Robbed at Starbucks
How it happened:
Last Saturday I decided to stop by the Starbucks near my house. I sat down around 5 o’clock with a tall Pike-roast coffee and my computer. I plugged my headphones into my phone, began listening to Rdio, placed my phone on the table and started to write.
About an hour passed as I wrote, and then I heard the lady beside me scream, “HEY!” I instinctively looked at her and a second later felt my earbuds jerk against my ears. I turned towards the door as 3 tall teenagers ran out, our phones in hand. I rushed after the thieves and reached their car just as it sped out of the parking lot.
Starbucks’ security cameras captured video of the incident inside the store, and I was able to memorize the license plate. The Starbucks employees, my fellow customers, the area security guard and the Houston police were very kind. They were all as helpful as possible.
Hopefully the thieves will be caught, but no matter what happens, I want to turn this frustrating situation into a learning experience.
What I’ve learned:
ONE| Find My iPhone and Android Device Manager are handy tools for a lost phone, but the average thief knows how to render them useless.
When enabled, Find My iPhone and Android Device Manger allow you to visit their websites from anywhere, log in and see the location of your device(s) on a map. You can also make your phone/tablet ring to help you find it, and if you think someone is gaining access to your private data, you can remotely wipe your device clean.
I’ve used this service several times to successfully find my phone, but it was unhelpful last Saturday. Within minutes, I’d logged in and tried to track my phone to no avail. The thieves knew enough to turn off the phone and pull out the SIM. Unless the phone has Internet access, there is no way for it to be tracked.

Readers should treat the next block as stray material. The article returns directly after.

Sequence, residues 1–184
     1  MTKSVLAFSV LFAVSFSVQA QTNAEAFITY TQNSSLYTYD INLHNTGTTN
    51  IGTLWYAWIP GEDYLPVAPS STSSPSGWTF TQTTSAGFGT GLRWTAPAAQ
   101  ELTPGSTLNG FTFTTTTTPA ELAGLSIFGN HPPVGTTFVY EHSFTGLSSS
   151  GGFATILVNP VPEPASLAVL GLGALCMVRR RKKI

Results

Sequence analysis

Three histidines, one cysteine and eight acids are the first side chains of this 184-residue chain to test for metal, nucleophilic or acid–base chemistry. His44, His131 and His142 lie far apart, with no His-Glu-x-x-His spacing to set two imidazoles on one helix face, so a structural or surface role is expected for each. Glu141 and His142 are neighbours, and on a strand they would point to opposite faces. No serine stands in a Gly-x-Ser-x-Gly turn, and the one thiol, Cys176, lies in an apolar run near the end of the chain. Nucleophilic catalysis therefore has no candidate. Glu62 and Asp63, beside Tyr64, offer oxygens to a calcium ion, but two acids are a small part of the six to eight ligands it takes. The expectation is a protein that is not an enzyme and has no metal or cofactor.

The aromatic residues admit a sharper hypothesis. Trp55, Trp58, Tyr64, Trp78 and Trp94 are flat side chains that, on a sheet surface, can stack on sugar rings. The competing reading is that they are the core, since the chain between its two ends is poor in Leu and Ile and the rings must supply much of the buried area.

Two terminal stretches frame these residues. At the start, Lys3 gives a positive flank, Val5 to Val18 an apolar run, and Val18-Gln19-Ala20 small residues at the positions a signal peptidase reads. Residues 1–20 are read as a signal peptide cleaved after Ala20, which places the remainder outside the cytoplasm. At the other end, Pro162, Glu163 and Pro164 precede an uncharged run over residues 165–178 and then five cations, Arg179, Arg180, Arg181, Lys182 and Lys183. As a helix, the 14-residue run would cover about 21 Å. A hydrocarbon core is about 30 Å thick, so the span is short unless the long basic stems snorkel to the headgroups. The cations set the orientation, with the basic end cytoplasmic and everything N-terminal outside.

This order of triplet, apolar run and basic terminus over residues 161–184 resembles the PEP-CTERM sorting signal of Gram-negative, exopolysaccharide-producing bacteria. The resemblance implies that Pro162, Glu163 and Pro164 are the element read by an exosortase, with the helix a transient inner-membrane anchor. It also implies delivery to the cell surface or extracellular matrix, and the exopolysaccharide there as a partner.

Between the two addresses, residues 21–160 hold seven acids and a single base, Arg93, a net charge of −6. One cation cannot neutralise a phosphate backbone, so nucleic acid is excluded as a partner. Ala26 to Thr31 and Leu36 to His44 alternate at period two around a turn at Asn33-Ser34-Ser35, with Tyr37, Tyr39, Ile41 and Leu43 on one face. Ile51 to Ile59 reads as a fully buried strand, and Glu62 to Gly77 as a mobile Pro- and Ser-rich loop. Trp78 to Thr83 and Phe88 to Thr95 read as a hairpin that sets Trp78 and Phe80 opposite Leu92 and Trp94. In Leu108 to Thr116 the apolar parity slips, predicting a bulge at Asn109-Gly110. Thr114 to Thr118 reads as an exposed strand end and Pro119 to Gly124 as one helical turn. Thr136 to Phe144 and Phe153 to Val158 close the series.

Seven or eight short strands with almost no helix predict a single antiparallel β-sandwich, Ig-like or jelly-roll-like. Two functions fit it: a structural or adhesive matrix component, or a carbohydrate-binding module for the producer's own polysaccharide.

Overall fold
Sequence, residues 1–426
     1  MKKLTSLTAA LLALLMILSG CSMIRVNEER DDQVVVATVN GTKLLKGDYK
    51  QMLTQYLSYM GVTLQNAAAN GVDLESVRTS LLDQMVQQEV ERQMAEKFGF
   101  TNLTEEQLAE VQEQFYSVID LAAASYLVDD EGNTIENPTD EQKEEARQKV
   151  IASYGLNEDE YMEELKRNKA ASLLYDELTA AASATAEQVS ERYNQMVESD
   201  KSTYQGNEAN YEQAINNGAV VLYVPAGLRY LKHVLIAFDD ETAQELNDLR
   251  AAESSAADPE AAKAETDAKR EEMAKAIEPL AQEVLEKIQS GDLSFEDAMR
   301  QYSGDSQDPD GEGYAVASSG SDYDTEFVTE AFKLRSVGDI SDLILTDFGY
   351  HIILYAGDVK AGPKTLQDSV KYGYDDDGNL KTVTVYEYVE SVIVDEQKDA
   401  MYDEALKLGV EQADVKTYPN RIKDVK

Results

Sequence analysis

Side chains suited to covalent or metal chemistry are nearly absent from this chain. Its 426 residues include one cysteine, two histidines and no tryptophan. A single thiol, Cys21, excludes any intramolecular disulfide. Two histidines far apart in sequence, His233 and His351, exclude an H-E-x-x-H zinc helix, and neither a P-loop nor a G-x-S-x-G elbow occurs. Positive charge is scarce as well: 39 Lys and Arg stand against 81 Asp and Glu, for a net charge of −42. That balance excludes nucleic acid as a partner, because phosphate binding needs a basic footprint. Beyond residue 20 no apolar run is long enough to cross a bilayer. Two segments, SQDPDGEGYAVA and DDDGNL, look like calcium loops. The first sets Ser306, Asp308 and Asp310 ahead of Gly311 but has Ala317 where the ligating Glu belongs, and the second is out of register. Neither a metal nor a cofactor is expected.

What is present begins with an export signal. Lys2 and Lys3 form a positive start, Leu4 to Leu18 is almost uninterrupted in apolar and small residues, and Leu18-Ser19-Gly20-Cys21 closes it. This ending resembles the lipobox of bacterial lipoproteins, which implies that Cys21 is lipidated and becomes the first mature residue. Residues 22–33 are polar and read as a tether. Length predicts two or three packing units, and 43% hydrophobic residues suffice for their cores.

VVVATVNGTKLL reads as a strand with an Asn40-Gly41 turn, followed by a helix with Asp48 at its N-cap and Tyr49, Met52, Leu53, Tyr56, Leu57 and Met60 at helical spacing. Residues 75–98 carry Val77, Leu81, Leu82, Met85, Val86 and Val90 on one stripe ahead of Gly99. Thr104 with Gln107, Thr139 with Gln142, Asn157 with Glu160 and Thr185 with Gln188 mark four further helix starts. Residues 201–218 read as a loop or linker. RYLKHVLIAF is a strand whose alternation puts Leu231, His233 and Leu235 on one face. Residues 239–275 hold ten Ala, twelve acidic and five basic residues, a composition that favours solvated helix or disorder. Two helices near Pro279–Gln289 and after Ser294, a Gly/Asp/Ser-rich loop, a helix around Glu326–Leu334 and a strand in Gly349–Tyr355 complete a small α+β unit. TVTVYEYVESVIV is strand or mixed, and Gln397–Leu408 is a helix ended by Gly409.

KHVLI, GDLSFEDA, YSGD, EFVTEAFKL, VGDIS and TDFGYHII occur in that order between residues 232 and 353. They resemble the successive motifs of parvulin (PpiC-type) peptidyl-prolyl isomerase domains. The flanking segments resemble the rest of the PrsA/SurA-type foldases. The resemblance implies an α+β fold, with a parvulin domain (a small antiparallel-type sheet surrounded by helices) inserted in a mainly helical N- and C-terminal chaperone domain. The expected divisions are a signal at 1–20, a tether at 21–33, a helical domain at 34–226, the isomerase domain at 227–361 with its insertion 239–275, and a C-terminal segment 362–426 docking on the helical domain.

If you’re interested in additional tracking for your phone or other valuables, you should look into Tile. It’s not a perfect solution, but it might be helpful.
TWO| Leaving things on the table while going to the bathroom is an unnecessary risk.
We all do it sometimes. It seems so much easier, and we don’t want to lose our table. As I learned Saturday, filing police reports, changing passwords and spending money on replacements is a lot more work than bringing my bag into the restroom. If people are willing grab my phone off the table in front of me, they won’t hesitate to snatch a computer when some stranger is “watching your stuff”.
THREE| Even difficult situations can be used for good.
I’ve been going to this Starbucks for 9 months now. Several of the baristas know my name, but we’ve never had truly personal conversations until this week. We start talking about being robbed, but our conversation continue into other topics. I pray that God will continue to deepen these relationships, and open doors for friendship and gospel conversations.